Complex questions are answered by throwing two words together from a set of tables, serving as thematic word prompts for the player to interpret creatively based on the question’s context.

My go to resource for quick rolls is– a handy little website with a bunch of buttons to make dice rolls as needed.

Blend the two together, with enough time on my hands (a truly hard thing to find) and you get my first ‘serious’ solo playtest/gameplay session of Microscope RPG.

I stole some ideas off this solo play report – Under a Lens by chance. Essentially, it would be a two-player Microscope game with me and an imaginary “Random” player as simulated by a randomizer.

I discovered that I could get a little confused over whose ‘turn’ it is, so don’t expect a faithful rules-perfect recreation. You can go buy the original rules for that. Think of this as a variant that I was inventing for my own amusement

The first step of Microscope RPG is to lay out the initial setting premise.

Big Picture: Magic returns to a sci-fi space opera world.

Normally, this is a discussion among all the players playing, but since it’s just me, I went with what I felt like exploring. (Yes, I’m still on a Shadowrun bender. I just decided to kick it out to an even more extrapolated future.)


The Palette is usually where players in the group discuss what they would like to see appear in the game and what they definitely wish to ban from the game. This can range from placing a moratorium on serious topics like rape, sex, genocide or whatever, to just being tired of hearing about the zombie apocalypse or the latest X-COM game and declaring “no zombies” or “no aliens.”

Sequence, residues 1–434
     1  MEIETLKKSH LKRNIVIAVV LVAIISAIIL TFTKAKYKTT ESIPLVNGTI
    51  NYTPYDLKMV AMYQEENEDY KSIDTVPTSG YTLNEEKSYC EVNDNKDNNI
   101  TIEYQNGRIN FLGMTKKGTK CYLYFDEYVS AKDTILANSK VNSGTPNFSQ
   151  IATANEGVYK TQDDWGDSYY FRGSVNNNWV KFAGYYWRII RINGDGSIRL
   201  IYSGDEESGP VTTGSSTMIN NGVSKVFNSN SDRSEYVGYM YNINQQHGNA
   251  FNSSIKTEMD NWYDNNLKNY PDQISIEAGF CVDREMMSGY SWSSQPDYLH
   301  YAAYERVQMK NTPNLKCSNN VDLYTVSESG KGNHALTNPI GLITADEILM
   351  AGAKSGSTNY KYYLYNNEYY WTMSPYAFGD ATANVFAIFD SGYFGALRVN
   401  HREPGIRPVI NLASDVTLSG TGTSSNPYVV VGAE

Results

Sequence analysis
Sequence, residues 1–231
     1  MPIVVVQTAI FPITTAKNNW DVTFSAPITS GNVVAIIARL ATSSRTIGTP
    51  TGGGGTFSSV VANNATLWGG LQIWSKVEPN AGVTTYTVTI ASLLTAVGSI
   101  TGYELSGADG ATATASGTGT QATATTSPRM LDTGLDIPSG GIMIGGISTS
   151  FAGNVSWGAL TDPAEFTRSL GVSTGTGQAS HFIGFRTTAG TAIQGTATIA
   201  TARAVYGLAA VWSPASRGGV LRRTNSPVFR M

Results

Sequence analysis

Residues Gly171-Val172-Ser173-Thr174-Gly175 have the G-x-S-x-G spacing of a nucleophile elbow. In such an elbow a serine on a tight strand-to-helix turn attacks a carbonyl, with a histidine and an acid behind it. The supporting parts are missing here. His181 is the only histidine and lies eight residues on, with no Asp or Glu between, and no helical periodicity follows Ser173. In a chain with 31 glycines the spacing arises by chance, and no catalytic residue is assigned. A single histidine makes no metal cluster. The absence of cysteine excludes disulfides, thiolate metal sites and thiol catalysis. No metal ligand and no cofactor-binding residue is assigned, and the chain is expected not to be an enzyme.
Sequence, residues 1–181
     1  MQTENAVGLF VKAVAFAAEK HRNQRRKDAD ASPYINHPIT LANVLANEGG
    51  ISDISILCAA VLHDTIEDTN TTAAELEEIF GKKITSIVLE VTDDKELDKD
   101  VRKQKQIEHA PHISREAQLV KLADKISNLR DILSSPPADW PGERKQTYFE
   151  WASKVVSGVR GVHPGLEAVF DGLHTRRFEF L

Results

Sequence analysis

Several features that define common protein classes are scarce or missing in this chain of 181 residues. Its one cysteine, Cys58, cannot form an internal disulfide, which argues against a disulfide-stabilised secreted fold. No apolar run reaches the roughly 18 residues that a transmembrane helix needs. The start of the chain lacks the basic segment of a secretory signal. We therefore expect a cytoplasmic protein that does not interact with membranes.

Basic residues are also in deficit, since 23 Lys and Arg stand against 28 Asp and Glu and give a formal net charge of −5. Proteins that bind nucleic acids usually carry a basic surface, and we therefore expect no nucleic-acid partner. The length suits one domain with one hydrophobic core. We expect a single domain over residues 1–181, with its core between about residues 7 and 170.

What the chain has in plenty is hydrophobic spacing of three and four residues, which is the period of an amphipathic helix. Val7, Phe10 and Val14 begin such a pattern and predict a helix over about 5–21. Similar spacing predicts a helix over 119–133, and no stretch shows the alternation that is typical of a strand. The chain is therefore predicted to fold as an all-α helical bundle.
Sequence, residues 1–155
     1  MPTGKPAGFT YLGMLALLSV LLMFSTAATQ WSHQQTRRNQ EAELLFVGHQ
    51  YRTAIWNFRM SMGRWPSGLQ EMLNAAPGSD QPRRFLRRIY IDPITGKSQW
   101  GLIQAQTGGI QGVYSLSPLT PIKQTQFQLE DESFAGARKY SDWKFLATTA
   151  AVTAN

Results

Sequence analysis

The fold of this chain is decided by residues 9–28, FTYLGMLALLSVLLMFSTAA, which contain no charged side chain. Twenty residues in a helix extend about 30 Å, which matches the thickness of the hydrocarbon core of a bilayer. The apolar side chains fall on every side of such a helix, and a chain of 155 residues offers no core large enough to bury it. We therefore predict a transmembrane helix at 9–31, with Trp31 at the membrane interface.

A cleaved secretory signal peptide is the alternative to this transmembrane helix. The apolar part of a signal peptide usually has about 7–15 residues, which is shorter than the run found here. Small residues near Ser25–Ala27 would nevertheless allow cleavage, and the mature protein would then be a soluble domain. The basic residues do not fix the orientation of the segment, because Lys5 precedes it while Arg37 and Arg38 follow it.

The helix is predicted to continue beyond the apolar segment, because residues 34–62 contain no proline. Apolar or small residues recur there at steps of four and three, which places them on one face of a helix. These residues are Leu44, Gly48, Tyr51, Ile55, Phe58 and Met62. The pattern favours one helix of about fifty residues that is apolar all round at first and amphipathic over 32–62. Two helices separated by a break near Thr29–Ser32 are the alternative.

Again, since it’s just me, I know very well what I’m okay with covering and not covering, thank you. So instead, I decide to experiment with random spins from TV Tropes…

…In my opinion, this turned out to be of varying degrees of usefulness.

I like the reminder that I should try to get baddies to go up against each other. I have no clue whether it will ever be possible to insert something significant involving language drift. Bonus feature failure is probably going to be a failure… unless we count the inclusion of this somewhat useless Palette as the useless feature! (Boy, this got meta in a hurry.)

I have no clue how to interpret war for fun and profit, because I actually -like- wars as a narrative device. So I decided I’d avoid ‘cheesy’ wars where one-note villains like Emperors and Dark Lords decide they want a war just because. If I have a war, it’ll be for other reasons besides fun or profit… such as ideological ones, and so on.

I wasn’t a fan of numbers anyway, so the numerical motif one was a little odd. It only affected me once so far, by perplexing me on the number of some significant objects that should exist, and I got around it by rolling a dice for it. No significance to the number there, if it’s random!